The New York Times
By Lisa Guernsey
January 4, 2009
Friday, July 11, loomed as a big day this year for Jeff Grossman, a sophomore at Carnegie Mellon. He had created a digital application for local movie listings for the iPhone. The application had been accepted for the new App Store, the online marketplace for iPhone extras like games and mapping services. Now it was the store’s opening day. He was offering his service free as a promotion, but still he wondered: Would anyone want it?
Yes, and then some. By noon, the application had been downloaded thousands of times. Positive feedback streamed in. Mr. Grossman was 18. “To go from no one using it to thousands in the first day is great,” he says. Before long, the application was popping up in the App Store’s top-50 list of downloads.
Two days later, Mr. Grossman received an e-mail message from a start-up company in California called Flixster, which has a Web site for movie buffs. They wanted to add a phone-based service. Other companies contacted him, too.
The summer turned into a head-spinning journey for Mr. Grossman, who is from Armonk, N.Y., and who started programming software in middle school. Flixster was most attentive. “They flew me out to San Francisco to meet everybody,” says Mr. Grossman. “That was pretty cool.” Negotiations took several weeks.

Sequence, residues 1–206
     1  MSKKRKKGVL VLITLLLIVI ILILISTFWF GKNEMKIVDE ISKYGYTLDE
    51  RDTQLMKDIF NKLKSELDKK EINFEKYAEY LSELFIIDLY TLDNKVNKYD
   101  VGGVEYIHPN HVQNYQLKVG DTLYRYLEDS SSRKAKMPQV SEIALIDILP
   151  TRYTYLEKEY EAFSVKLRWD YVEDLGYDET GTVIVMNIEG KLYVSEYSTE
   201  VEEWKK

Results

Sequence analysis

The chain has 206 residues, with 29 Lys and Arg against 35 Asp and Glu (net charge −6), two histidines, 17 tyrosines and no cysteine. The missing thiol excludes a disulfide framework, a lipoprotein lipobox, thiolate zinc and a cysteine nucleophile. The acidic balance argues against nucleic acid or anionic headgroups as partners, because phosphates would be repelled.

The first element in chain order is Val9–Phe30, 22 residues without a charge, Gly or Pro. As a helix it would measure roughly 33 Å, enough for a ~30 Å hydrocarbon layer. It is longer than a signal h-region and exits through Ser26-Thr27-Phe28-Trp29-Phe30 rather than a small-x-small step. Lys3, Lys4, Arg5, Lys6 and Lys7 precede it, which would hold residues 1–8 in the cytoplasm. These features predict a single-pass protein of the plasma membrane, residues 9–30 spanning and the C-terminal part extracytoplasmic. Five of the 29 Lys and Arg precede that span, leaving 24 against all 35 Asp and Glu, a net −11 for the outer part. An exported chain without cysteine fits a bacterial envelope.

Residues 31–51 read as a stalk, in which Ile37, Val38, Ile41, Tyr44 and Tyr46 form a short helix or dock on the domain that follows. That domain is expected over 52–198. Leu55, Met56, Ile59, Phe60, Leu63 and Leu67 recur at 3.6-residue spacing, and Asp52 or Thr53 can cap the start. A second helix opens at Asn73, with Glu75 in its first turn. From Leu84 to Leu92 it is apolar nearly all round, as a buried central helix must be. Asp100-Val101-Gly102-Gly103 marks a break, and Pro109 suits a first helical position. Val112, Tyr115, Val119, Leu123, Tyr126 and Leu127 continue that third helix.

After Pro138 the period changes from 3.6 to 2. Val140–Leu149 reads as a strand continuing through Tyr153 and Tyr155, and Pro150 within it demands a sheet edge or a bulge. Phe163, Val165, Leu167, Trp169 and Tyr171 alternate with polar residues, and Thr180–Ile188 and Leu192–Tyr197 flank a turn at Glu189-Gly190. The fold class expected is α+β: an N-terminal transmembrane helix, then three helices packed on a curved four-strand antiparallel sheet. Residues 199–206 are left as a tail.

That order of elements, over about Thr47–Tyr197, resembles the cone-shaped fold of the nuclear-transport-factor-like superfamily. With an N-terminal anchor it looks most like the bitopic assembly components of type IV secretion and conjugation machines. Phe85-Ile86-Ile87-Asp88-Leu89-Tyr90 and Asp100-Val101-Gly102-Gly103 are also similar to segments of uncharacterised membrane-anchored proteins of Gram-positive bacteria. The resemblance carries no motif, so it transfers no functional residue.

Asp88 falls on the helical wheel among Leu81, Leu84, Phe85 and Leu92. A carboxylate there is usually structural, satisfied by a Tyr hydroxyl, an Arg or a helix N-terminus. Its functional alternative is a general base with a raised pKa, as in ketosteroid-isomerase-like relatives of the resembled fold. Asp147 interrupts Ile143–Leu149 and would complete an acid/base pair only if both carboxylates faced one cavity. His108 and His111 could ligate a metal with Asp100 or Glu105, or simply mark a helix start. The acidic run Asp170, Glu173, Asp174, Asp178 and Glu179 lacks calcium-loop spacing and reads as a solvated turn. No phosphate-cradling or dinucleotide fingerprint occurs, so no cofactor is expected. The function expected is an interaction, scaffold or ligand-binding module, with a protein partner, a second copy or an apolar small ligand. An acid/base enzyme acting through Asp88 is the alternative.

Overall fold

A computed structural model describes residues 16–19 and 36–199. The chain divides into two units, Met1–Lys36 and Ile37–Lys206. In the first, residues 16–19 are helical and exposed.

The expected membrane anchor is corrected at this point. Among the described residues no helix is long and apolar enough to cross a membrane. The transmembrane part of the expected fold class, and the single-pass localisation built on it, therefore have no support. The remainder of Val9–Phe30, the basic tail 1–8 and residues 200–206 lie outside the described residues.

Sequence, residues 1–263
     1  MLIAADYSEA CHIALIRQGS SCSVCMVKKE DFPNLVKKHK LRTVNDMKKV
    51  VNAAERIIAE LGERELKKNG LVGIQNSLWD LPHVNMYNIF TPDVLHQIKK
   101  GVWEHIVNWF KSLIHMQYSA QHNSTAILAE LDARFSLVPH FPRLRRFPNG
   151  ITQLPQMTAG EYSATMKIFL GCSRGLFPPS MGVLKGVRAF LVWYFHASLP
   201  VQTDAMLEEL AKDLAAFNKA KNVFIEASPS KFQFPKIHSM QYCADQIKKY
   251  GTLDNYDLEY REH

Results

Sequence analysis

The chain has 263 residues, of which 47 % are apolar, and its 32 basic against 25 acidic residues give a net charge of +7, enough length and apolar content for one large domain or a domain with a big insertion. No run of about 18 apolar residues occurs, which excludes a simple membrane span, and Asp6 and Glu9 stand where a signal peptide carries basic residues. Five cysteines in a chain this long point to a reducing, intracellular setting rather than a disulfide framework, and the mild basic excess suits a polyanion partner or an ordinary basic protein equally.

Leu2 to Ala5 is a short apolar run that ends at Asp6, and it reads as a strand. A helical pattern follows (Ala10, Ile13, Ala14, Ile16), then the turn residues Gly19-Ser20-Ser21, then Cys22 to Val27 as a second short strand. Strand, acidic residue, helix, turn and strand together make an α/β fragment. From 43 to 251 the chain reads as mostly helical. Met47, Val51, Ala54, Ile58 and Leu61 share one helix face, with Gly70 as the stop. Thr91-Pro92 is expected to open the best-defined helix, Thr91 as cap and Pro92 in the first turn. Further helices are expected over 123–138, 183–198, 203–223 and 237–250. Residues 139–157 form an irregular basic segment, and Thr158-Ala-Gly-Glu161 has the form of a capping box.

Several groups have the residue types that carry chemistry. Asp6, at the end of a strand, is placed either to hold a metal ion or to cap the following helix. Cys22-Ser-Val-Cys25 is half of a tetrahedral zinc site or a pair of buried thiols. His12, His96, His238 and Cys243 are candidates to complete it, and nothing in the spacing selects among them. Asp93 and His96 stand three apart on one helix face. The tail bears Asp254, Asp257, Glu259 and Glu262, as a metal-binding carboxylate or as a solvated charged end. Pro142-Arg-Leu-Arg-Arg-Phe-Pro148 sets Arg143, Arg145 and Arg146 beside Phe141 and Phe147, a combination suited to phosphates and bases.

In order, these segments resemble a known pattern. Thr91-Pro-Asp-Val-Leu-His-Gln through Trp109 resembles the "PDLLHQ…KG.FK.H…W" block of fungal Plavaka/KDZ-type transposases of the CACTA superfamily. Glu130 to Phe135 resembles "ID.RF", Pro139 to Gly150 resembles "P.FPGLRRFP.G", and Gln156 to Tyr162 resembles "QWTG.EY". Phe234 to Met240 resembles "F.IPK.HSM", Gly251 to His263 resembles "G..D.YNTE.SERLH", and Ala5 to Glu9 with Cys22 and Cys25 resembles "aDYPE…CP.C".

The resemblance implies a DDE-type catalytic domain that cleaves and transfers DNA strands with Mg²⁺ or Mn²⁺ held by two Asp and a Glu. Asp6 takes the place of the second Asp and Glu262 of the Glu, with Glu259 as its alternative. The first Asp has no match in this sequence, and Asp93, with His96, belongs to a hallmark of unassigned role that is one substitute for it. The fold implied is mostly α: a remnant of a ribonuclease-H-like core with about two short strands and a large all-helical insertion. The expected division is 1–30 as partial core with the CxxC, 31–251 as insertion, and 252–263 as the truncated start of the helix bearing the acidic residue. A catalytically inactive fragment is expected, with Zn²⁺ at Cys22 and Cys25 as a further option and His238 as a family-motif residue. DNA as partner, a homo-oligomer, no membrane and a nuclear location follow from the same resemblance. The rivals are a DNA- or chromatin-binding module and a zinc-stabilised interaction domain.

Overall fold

His big question was what his software was actually worth. He talked to his parents. He asked his friends and high school teachers. And he e-mailed his professors. Among them was Luis Von Ahn, a computer science professor, who has a start-up of his own that provides character-recognition services for companies that digitize books. Mr. Von Ahn says, “My reply was: Pricing is very hard and there is no real good way to figure it out. Here are some useful figures.” Mr. Grossman signed a contract with Flixster on Aug. 5; his app now also offers movie reviews, trailers and maps to local theaters.
Mr. Von Ahn says there is no shortage of entrepreneurial students at Carnegie Mellon, which two years ago started a program called Project Olympus to help campus-based companies. Students come to Mr. Von Ahn during his office hours to talk about business models. “One thing I recommend to them,” he says, is that if they are going to apply for a job or grad school, “it looks so much better that you started a company versus a 4.0 G.P.A.”
But starting a company requires more than a good idea and programming skills, Mr. Grossman says. “Something I didn’t expect was that a lot of it is the hassles of dealing with legal stuff and business stuff you don’t think of when you get started.”
Evidently, he is catching on.
Asked how much money he made from the sale, he said: “Both sides were happy with the deal. I don’t want to say much more than that.”